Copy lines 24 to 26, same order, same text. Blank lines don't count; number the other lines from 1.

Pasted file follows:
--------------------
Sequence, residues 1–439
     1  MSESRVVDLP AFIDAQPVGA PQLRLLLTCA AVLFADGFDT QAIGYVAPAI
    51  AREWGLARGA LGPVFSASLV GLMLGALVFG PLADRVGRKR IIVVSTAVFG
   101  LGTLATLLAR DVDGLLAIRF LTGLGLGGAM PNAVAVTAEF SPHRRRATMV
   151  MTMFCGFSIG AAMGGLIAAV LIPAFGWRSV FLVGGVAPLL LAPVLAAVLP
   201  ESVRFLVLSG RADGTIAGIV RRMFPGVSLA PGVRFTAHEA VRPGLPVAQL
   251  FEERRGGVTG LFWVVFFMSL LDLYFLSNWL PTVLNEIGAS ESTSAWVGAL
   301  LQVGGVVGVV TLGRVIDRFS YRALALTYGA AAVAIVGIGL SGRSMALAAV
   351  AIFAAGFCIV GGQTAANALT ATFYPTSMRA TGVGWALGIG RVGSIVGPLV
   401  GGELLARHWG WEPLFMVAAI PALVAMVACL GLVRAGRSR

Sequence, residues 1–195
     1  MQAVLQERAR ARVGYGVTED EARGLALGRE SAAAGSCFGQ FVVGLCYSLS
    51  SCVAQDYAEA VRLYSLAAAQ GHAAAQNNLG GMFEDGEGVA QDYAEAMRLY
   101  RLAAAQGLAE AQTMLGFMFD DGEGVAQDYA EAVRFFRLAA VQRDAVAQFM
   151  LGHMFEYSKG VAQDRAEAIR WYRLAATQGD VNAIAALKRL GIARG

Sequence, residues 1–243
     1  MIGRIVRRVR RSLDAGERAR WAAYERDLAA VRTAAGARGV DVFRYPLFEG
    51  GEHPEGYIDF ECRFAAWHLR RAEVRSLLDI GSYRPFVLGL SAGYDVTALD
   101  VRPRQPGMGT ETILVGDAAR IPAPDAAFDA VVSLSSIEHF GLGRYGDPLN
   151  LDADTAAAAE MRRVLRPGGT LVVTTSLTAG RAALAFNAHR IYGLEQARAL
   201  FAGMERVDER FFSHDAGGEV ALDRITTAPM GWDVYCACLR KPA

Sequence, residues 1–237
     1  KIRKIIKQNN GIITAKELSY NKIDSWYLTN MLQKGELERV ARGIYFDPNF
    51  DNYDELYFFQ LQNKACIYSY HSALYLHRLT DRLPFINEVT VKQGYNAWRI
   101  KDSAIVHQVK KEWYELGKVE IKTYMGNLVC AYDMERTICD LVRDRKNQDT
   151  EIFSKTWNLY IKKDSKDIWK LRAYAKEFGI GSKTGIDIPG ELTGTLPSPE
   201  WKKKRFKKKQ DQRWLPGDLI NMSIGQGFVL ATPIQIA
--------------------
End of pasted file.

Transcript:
    51  DNYDELYFFQ LQNKACIYSY HSALYLHRLT DRLPFINEVT VKQGYNAWRI
   101  KDSAIVHQVK KEWYELGKVE IKTYMGNLVC AYDMERTICD LVRDRKNQDT
   151  EIFSKTWNLY IKKDSKDIWK LRAYAKEFGI GSKTGIDIPG ELTGTLPSPE